HOME |  CULT MOVIES | COMPETITIONS | ADVERTISE |  CONTACT US |  ABOUT US
 
 
Newest Reviews
Echoes of Fear
Guinea Pig, The
Truth, The
Good Die Young, The
Old Guard, The
Gumnaam
Disappearance at Clifton Hill
Sullivans, The
Piranhas
Love in the Afternoon
Black Water: Abyss
Wild Blue Yonder, The
All Hail the Popcorn King
Muriel, or the Time of Return
Selma
Great Locomotive Chase, The
American Anthem
Lion and the Horse, The
Druids
War of the Wizards
Onward
Doctor Faustus
Spite Marriage
Mask, The
Letter to Jane
Quick Millions
Dream Demon
Max Havelaar
Radioactive
Glastonbury Fayre
All Dogs Go to Heaven
Shoot Out
Da 5 Bloods
Sonatine
Kung Fu Monster
Secret Agent Super Dragon
Saint Frances
Boiling Point
Golden Stallion, The
Dragon Force
   
 
Newest Articles
Divine Madness: Female Trouble on Blu-ray
Country Matters: Further Out of Town on Blu-ray
Bat-Damn: Was Joel Schumacher's Batman Really That Bad?
The Beat Goes On: Takeshi Kitano Collection on Blu-ray
Dream Treats: Scorsese Shorts on Blu-ray
It's Only Money: Laughter in Paradise on Blu-ray
A Regular Terpsichore: Dance, Girl, Dance on Blu-ray
Teenage Trauma: Baby Love on Blu-ray
The Happening: Pet Shop Boys It Couldn't Happen Here on Blu-ray
Who Watched The Watchmen?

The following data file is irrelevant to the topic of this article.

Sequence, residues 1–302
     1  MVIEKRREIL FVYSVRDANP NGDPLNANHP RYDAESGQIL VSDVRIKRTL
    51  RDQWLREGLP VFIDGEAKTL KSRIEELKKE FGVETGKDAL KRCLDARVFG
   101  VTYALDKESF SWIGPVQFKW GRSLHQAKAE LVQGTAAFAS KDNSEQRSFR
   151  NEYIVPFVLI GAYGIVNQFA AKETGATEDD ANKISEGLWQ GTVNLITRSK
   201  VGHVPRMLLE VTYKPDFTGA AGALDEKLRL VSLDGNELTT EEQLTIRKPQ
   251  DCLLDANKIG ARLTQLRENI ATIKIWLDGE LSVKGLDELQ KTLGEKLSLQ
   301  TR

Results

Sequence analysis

The Golden Age of Colonic Irrigation: Monty Python Series 4 on Blu-ray
Lady of Pleasure: Lola Montes on Blu-ray
Take You to the Gay Bar: Funeral Parade of Roses on Blu-ray
Hit for Ms: Mark Cousins' Women Make Film on Blu-ray
Look Sinister: The 1000 Eyes of Dr. Mabuse on Blu-ray
Star Wars Triple Threat: The Tricky Third Prequel and Sequel
I Can See for Miles: The Man with the X-Ray Eyes on Blu-ray
Too Much Pressure: The Family Way on Blu-ray
The Alan Key: Alan Klein and What a Crazy World on Blu-ray
A Japanese Ghost Story: Kwaidan on Blu-ray
The Zu Gang: Zu Warriors from the Magic Mountain on Blu-ray
Reality TV: The Year of the Sex Olympics on DVD
The Young and the Damned: They Live By Night on Blu-ray
Mind How You Go: The Best of COI on Blu-ray
Der Kommissar's in Town: Babylon Berlin Series 3 on DVD
   
 
  Up the Chastity Belt You Got Serfed
Year: 1971
Director: Bob Kellett
Stars: Frankie Howerd, Graham Crowden, Bill Fraser, Roy Hudd, Hugh Paddick, Anna Quayle, Eartha Kitt, Royce Mills, Anne Aston, Lance Percival, Godfrey Wynn, Nora Swinburne, David Battley, Derek Griffiths, Judy Huxtable, Ian Cuthbertson, Rita Webb, David Prowse
Genre: Comedy, HistoricalBuy from Amazon
Rating:  5 (from 1 vote)
Review: Back in the olden times, the Queen of England gave birth to a son, but he was lost, so when she gave birth to twins one of them went on to be Richard the Lionheart, King of England. Yet the other one was rejected and brought up in a pigsty, growing up to be Lurkalot (Frankie Howerd) who made his way through life as a serf to his master, Sir Coward de Custard (Graham Crowden), utterly unaware of his royal bearing as a prince, though a voice from beyond often sounded to point this out. He had more important things on his plate, anyway: his master's castle was going to rack and ruin...